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Lucky Number Slevin

Too Many Tarantino Riffs for One Crime Flick

Directed by Paul McGuigan (Wicker Park, Gangster No. 1) and written by Jason Smilovic, Lucky Number Slevin is an urban crime/gangster drama wrapped around a mistaken identity storyline. Combined with familiar and/or accomplished actors like Morgan Freeman, Ben Kingsley, Bruce Willis, Lucy Liu, and Josh Hartnett (among others), viewers are bound to expect high production values (correct), slick direction (also correct), a spot of ultraviolence (more than a spot, actually), black humor (plenty), and possibly, just possibly, an engaging, semi-inventive storyline (well, almost).

In the span of 24 hours, Slevin (Josh Hartnett) has lost his job, his apartment, his girlfriend, and after arriving in New York City to visit an old friend, mugged. His old friend, Nick Fisher, isn't home, but the apartment door has been left open (a portent of very bad things to come). On the plus side, Slevin meets Nick's attractive neighbor, Lindsay (Lucy Liu), who wanders in just as Slevin is stepping out of the shower and into a towel. Moments after Lindsay's departure, thugs appear at the apartment looking for Nick. The thugs mistake Slevin for Nick, who has been summoned to meet the reclusive, penthouse-dwelling Boss (Morgan Freeman). Nick owes the Boss almost $100,00 dollars. The Boss offers Slevin a proposition: rub out his rival's son in exchange for the marker on the debt. The alternative is equally unpalatable. The Boss gives Slevin 24-hours to make up his mind one way or another.

Deposited back at Nick's apartment, Slevin is almost immediately accosted by two Hasidic henchmen. The henchmen trundle Slevin off to meet the Boss' rival, the Rabbi (Ben Kingsley), who just happens to live in a penthouse suite as well (and it's across the avenue from the Boss'). Apparently, the ever-elusive Nick owes the Rabbi a substantial amount of money too. Slevin has several days to pay up or face the unsavory consequences. Slevin's already knotty situation goes from bad to worse when Detective Brikowski (Stanley Tucci), one of New York's finest, begins to take in interest in Slevin and Nick's disappearing act. Meanwhile, a mysterious figure (Bruce Willis) operates at the margins, his agenda unclear.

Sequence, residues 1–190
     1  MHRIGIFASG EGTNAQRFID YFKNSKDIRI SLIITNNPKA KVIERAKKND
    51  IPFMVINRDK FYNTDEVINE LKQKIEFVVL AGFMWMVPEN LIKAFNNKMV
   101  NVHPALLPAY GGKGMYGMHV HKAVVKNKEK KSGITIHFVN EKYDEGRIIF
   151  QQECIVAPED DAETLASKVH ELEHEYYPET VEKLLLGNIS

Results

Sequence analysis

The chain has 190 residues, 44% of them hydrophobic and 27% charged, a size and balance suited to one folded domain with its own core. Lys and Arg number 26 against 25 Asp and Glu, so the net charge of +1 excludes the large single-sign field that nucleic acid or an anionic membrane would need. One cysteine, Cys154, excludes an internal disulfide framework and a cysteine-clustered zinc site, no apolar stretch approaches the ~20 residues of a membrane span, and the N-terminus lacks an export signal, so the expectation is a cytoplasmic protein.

Lucky Number Slevin's plot convolutions take their inspiration from several sources, including, of course, Quentin Tarantino's work in the crime/gangster genre (e.g., Reservoir Dogs, Pulp Fiction, Jackie Brown). Not that there's anything wrong with that, but it places a heavy burden on Smilovic to come up with something we haven't seen before. He almost gets there, thanks to a mistaken identity storyline a la Alfred Hitchcock and Ernest Lehman's North by Northwest's and the outsider-setting-up-rival-crime-families shtick.

Although Lucky Number Slevin has many good points, the graphic violence or the high body count won't be among them. One glimpse at director McGuigan's C.V., which includes the ultraviolent Gangster No. 1, should tell potential viewers everything they need to know. And if that doesn't, the opening scene involving three locations and five bloody murders certainly will. Inconsequential, cartoonish, and/or typical of the crime/gangster genre in its current incarnation? Guilty on all three counts. And before we move on, let me not forget to mention the propensity of certain characters (e.g., the Boss, the Rabbi) to use near-incomprehensible patois as a way to hide their already murky motives (and impress the listeners in the process).

Lucky Number Slevin has another problem it doesn't quite overcome. With an overly convoluted storyline, explanatory flashbacks become crucial to filling us on important details or relationships. That's fine, up to a point, but flashbacks, once overused, can become momentum killers. Here that means we end up suffering from flashback fatigue by the time the end credits roll. And sympathetic characters? Never mind, Lucky Number Slevin's characters are too stylized, living in a third- or fourth-generation copy of a crime film to be sympathetic.

Ultimately, Lucky Number Slevin has what we've come to expect from Tarantino-influenced crime/gangster films: flashy visuals, graphic violence, bleakly funny dialogue, unsympathetic, shallow characters, and lackadaisical performances from a game, if mostly underused, supporting cast. And if you're wondering about "Slevin's" name, the explanation plays a key part in the behind-the-scenes plot turns.

Rating: 3 out of 5 stars